When Mongke became Khan in 1251, he sent Kublai to China and Kublai became a viceroy. In 1260, Kublai became Khagan of the Mongol Empire and established his capital in 1264 at Khanbaliq.
One of Kublai’s conquests was Japan.
His Yuan force was made up of Mongol, Han Chinese, Jurchen, and Korean soldiers and troops.
Kublai & The Invasions of Japan
1. First Invasion (1274)
Kublai’s Yuan forces headed to Japan’s Tsushima Island in November 1274. They ignored negotiations and started fighting with archers right away. Afterward, they departed Tsushima to invade Iki Island, and after also securing the Iki Island, they landed in Hakata Bay. However, the invasion then halted.
2. Second Invasion (1281)
The second invasion began in 1281. There were two Yuan fleets, one embarking on the Southern route and one on the Eastern route. The latter headed out first and attacked Tsushima and Iki Island on June 9 and 14 respectively.
The Eastern Route fleet was supposed to wait for the Southern Route at Iki Island, but the commanders set out to invade Mainland Japan by themselves.
They departed a week earlier than the expected arrival of the Southern Route fleet and divided it in half to simultaneously attack Hakata Bay and Nagato Province.
At Hakata Bay, they were not able to penetrate the defensive wall and were driven off by arrow volleys and at Nagato Province, they were forced to retreat.
Then settled at the Shika and Noko Islands but the Japanese launched raids at night onboard small ships, then immediately followed with a daytime raid.
When the Southern Route fleet convened with the Eastern Route fleet, they advanced on Taka Island, and then, on Hakata. A two-week battle broke out but eventually entered a stalemate.
On August 15, a typhoon struck the two fleets at anchor and devastated them. They tried to retreat and dock in Imari Bay. But they were ultimately annihilated by the storm. Troops who drifted on planks or were washed to shore were killed by Japanese defenders.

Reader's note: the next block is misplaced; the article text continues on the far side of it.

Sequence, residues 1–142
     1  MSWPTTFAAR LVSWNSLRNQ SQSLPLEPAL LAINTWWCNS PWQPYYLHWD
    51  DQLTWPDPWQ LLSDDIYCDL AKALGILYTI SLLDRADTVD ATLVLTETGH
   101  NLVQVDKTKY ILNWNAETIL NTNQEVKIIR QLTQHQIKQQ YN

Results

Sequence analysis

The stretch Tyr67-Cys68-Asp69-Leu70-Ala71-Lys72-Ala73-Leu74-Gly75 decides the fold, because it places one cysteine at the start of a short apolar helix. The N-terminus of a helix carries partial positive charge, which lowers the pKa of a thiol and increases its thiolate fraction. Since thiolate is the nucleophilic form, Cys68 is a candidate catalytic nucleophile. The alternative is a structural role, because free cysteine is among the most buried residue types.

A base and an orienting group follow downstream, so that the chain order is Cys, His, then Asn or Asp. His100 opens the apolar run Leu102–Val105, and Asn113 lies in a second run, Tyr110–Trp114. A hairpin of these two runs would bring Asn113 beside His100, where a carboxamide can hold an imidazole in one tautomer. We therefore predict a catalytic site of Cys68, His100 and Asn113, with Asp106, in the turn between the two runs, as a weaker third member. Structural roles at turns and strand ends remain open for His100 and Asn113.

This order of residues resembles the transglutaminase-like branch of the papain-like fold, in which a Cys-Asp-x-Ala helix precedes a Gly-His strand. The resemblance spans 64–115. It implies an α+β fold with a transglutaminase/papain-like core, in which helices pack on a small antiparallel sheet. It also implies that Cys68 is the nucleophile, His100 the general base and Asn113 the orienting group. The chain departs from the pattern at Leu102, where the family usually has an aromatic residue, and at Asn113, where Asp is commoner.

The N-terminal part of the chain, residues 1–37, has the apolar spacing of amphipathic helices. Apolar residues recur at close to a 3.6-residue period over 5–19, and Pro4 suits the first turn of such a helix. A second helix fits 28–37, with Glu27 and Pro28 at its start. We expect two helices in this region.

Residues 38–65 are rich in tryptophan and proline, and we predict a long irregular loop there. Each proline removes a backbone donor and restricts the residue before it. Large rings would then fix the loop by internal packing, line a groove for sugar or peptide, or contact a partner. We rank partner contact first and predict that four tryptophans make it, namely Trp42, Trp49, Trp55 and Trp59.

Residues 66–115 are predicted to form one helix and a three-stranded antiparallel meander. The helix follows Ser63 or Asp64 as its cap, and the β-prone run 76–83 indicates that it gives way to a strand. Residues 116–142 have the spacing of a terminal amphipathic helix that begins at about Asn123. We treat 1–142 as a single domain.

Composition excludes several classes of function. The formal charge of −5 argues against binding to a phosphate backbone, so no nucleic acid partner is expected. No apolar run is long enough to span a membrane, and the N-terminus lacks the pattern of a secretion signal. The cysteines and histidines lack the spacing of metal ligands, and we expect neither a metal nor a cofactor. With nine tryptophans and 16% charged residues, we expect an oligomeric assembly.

The defeated Mongol Empire lost a significant portion of its naval power, and its naval defense capacities slumped.
Kublai’s Dynasty & Southeast Asia
Kublai’s dynasty seized Burma between 1277 and 1287, but their invasion in 1301 was repulsed. They also failed to invade Vietnam (then Đại Việt) and Java. Generally, they could not seek successful expansion in Southeast Asia.
The factors(s) that forced the Mongols to withdraw from Southeast Asia are believed to include difficult terrain, weather, and diseases. But let’s save this topic for another day. There are a lot of details to further unpack and we cannot squeeze it all here.
With that said, you have reached the closing remarks of this article. We have looked at two of Mongke’s brothers: Hulegu and Kublai. We answered “What was Hulegu’s greatest military accomplishment?” and also looked at Kublai’s failed invasions of Japan. Hopefully, this has been useful. Leave any questions and thoughts in the comments below!
I am Everett Bledsoe, taking on the responsibility of content producer for The Soldiers Project. My purpose in this project is to give honest reviews on the gear utilized and tested over time. Of course, you cannot go wrong when checking out our package of information and guide, too, as they come from reliable sources and years of experience.